So Thanksgiving has now come and gone. It was nice…in spurts. We had it at my sister’s house this year; which is fine…with the exception of the autistic meltdowns that happened about every 20 minutes from the time we arrived until we left. Then she walked out the door, screaming from the front stoop all the way down to her seat in the van.
It was a long night. The 4 hours we were there seemed a mere 17.5. On any given day at my sister’s house, time flies by as we enjoy it. But this past Thursday, was awful. And only because my daughter was so over-anxious and distraught.
It’s so difficult to be a parent anyway, but being a parent to an autistic kid…well, adult now….is even harder. Not that I’m at all saying that my job as a parent is harder than anyone else’s. It’s not a competition, y’all. When a kid anywhere between the ages of 2 and 6 tantrums or yells or hits, it’s sort of accepted by society that the behavior is normal, albeit annoying.
When your kid is 19 and screaming and yelling things like, “Get your hands off of me!” and “Leave me alone, you son of a bitch!” it causes a lot of stares and whispers and pointing and sometimes the cops are called and shit gets awkward. Sometimes there are whispered discussions by older people about how I have spoiled her and how had I spanked her more as a young child or had one of them taken her off my hands when she was younger, how they could have “fixed her” for me. They don’t get it. It’s not because of their age. It’s simply not something they can wrap their heads around because they have zero experience with a non-conversational, autistic person who has ADHD and severe anxiety issues. But judging and arm-chair quarterbacking always comes easy to those who are ignorant of our situation.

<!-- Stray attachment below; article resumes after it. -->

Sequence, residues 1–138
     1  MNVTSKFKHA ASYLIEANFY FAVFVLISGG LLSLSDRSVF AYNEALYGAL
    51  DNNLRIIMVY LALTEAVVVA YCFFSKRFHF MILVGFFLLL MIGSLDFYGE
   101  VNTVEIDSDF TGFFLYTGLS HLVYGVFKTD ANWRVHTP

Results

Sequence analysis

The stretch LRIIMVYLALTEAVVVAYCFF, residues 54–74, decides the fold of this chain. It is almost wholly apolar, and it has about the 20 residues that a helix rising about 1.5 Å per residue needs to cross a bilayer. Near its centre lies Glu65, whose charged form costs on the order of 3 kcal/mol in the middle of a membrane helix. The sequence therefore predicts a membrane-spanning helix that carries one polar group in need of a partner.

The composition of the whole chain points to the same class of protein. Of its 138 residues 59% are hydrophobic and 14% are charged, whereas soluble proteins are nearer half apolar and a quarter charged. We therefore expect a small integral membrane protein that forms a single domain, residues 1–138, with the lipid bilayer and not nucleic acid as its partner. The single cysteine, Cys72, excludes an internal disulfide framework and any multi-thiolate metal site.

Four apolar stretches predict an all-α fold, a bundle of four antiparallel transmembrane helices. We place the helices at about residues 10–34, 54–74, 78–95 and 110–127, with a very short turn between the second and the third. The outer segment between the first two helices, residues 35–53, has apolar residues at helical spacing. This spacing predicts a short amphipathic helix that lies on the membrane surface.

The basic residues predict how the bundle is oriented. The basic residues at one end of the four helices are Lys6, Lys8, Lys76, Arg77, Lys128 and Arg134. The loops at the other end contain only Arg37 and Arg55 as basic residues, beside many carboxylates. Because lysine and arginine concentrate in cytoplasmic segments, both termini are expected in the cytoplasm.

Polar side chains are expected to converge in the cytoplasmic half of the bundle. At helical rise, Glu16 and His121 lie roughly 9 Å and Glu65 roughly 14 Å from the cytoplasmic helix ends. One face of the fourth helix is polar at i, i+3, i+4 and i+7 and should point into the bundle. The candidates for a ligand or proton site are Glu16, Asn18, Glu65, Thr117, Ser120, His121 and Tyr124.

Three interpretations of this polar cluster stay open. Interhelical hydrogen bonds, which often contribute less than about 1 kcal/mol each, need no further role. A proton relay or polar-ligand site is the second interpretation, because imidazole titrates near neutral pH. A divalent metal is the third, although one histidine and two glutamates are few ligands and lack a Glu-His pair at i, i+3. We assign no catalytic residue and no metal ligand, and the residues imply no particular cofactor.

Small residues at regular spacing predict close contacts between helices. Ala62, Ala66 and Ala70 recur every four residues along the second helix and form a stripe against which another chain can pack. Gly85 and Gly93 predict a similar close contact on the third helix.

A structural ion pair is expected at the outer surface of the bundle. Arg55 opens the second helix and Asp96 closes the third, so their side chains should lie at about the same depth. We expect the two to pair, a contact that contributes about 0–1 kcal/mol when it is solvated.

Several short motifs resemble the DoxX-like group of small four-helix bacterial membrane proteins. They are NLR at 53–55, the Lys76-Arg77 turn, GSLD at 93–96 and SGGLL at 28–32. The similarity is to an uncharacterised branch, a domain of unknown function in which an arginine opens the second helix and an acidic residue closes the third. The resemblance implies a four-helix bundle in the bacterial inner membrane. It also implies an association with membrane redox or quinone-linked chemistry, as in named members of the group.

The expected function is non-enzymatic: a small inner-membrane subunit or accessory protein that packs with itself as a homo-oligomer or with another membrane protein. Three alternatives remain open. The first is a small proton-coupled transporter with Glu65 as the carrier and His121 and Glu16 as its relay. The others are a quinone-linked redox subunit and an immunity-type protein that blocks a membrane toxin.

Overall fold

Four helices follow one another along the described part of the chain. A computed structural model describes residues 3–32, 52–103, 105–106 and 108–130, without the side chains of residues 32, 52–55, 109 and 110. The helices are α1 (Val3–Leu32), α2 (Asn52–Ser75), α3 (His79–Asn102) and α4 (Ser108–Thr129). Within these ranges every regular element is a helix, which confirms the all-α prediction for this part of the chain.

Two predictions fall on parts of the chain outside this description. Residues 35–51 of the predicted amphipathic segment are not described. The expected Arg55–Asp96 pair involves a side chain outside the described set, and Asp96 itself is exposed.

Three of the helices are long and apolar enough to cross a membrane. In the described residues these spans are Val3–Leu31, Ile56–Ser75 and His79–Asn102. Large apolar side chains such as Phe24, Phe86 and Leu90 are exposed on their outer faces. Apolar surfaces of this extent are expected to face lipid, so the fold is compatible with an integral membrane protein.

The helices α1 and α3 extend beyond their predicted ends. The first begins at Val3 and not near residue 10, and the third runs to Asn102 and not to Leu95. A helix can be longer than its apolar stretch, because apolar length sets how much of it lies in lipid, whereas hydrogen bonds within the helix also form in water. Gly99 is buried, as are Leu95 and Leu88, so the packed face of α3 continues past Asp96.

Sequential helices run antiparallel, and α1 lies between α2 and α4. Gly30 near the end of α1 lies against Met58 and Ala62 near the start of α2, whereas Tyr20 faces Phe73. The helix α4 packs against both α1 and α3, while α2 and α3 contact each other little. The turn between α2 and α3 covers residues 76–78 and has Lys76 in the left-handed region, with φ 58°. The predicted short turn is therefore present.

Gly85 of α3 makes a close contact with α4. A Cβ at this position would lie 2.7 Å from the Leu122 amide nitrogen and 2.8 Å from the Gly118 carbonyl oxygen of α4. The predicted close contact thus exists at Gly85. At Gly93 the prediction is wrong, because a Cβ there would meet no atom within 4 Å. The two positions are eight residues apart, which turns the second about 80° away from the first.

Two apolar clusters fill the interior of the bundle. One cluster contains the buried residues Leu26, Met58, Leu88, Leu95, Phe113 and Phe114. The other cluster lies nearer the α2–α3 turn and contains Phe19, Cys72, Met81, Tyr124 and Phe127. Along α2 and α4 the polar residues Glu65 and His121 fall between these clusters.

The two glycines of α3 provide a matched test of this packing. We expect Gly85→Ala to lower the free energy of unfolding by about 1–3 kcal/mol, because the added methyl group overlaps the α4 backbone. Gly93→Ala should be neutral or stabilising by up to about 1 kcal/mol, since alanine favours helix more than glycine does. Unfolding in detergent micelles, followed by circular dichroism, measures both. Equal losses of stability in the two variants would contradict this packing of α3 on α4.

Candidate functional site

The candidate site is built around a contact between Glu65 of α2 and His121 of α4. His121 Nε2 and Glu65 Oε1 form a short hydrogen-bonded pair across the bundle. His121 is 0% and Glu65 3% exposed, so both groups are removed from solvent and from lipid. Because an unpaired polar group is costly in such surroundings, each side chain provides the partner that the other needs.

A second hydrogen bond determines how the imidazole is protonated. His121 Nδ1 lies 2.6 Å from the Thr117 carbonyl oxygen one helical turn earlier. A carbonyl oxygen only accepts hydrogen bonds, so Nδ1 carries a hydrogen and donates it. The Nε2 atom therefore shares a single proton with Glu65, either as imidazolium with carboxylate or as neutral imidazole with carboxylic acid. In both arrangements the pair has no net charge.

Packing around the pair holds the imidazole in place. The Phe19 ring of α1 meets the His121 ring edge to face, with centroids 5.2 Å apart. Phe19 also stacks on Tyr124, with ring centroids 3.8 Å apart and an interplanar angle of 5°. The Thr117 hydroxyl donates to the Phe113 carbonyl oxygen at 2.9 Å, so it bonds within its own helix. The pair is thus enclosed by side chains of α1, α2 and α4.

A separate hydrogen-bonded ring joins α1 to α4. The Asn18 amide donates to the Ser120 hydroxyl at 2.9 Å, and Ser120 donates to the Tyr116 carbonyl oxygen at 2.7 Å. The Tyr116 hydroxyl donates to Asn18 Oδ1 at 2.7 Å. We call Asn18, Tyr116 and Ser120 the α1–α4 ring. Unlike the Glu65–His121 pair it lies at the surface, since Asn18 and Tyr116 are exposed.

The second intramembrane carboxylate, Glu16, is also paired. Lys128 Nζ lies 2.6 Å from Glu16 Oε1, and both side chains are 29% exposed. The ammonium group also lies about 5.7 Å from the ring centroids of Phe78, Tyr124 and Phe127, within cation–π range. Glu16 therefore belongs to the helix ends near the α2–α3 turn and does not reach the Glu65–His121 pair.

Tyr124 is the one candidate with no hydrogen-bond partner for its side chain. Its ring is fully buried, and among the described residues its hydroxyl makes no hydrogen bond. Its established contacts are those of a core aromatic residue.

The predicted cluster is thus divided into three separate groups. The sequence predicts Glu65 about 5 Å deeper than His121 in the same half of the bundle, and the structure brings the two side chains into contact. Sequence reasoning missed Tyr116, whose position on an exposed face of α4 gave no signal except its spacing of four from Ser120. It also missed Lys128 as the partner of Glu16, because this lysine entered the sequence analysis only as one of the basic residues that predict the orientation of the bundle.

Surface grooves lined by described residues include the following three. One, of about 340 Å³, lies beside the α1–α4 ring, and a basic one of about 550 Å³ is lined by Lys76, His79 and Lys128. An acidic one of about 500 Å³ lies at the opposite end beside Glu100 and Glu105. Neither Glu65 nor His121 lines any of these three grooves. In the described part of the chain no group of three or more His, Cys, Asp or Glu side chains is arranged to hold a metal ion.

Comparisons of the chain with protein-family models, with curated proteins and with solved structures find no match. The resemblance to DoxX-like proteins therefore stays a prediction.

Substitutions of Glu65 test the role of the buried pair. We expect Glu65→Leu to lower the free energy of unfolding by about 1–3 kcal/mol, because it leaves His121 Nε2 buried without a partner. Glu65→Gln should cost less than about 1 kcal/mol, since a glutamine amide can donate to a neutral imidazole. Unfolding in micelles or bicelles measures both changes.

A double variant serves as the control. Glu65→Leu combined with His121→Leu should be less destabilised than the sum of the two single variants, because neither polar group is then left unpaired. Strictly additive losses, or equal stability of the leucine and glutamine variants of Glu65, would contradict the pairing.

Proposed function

And so I plod on in my pursuit of the best pharmaceutical solution for now until she is able to verbalize whatever the source of her anxiety. And I will wear my tough shield on the outside to ward off the stares and foul words and unwelcome criticism as I walk through streets and stores with my daughter in her pink noise-canceling earphones while she talks to me in script lines memorized from Batman, Criminal Minds and the Andy Griffith show.
I’ll wait until I am home and alone and my daughter is asleep before I remove my armor and cry about the mean things said and pray for more patience for me and peace and communication skills for her.
Yeah, Autism speaks… sometimes it cusses, shouts, and punches.